We had to build our process into the ITSM tool in such a way that we could easily see how it was being followed: Were we consistent? Were we improving? We needed to be able to pull the core data components of the request for change (RFC) easily, correlate that data to key performance metrics and ask: Are we improving on these metrics?

Now we easily can run reports based on key performance metrics and provide good, reliable feedback to staff, plus identify gaps in the process that need to be filled. We can also more easily set targets against which everyone can be measured. Some of these metrics are the number of late approvals, complete and unsuccessful changes, incomplete and unsuccessful changes, changes that were not completed within the change window, and changes that caused a service impact.

Staff was sensitive to the results of a change or its impact on service.

This was a big factor that we had to overcome collectively. One of the challenges we faced was that originally, the people performing changes had to look objectively at what they did vs. what was documented, and then evaluate whether their changes were successful or unsuccessful, complete or incomplete. Staff had a hard time doing this, so we automated the classification process.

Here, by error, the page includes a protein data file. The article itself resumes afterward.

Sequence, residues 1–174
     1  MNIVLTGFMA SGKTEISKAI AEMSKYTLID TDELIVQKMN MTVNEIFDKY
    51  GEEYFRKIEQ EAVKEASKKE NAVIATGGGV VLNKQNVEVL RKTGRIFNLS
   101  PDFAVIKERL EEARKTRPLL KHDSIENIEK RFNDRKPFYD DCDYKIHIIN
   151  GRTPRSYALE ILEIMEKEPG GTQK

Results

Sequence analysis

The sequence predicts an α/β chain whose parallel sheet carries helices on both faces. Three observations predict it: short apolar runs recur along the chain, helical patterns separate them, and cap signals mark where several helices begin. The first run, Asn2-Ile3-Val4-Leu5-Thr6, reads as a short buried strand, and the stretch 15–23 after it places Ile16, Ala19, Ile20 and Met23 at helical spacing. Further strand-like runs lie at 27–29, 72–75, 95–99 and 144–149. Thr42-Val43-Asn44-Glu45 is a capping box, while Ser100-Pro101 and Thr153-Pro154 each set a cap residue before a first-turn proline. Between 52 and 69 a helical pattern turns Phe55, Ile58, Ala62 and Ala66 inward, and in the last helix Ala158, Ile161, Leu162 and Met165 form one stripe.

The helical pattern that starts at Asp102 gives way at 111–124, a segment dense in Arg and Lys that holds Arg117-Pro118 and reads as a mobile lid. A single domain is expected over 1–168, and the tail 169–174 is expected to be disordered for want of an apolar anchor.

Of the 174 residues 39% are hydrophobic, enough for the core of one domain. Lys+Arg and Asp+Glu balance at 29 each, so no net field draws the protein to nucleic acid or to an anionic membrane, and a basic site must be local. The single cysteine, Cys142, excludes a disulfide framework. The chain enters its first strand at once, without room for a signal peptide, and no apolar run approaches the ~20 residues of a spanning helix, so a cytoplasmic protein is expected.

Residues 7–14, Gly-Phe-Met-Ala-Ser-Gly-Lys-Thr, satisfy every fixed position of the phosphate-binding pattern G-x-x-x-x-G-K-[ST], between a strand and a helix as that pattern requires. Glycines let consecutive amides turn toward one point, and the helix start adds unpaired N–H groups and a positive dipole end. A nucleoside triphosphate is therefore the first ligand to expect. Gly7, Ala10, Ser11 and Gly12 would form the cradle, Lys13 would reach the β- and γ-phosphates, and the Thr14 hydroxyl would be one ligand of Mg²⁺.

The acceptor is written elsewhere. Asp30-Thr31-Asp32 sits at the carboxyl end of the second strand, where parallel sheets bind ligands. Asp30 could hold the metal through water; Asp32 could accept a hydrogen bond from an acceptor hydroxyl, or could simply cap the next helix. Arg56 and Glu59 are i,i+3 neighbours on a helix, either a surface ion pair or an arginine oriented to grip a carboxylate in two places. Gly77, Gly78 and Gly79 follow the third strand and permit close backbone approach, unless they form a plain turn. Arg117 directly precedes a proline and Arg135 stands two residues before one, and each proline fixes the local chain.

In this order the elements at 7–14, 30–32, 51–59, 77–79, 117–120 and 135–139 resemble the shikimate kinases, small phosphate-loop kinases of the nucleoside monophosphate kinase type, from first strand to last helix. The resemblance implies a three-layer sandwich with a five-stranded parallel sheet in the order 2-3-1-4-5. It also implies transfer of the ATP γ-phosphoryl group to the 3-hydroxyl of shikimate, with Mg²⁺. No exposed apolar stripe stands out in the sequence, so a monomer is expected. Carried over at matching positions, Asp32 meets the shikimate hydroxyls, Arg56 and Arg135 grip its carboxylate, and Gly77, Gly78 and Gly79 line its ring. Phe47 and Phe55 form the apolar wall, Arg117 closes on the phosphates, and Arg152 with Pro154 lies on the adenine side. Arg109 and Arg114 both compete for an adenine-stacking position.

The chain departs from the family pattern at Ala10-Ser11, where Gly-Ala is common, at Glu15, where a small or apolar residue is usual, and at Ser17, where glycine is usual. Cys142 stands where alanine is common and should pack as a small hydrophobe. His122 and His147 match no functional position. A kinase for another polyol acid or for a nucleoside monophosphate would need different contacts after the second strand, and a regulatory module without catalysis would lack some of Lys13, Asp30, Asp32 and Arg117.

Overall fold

Instead, we built several business rules into the tool that would look at the postassessment data entered by the worker performing a change and automatically flag it as complete, incomplete or withdrawn. Then we ran a management report against that assessment to determine whether the change should be further considered successful or unsuccessful.

Automating this process eliminated much of the emotion involved. And by management not overreacting to the results of a particular change but instead analyzing the metrics to see how well the entire change process is being used over time, we can identify areas that need attention and employees who are struggling with managing their changes.

Would we control automation or would it control us?

We didn’t fully automate our process until we experimented with different workflow approaches and RFC-logging abilities. Going through this process allowed us to determine how we needed a tool to work and to develop business rules that met our needs. It also enabled us to restrict who can modify a change, who can approve at specific points in the workflow and who is responsible for assessing the change. We came out with a solid process that works better because we shaped the automation process, as opposed to having an automated system dictate how our process works.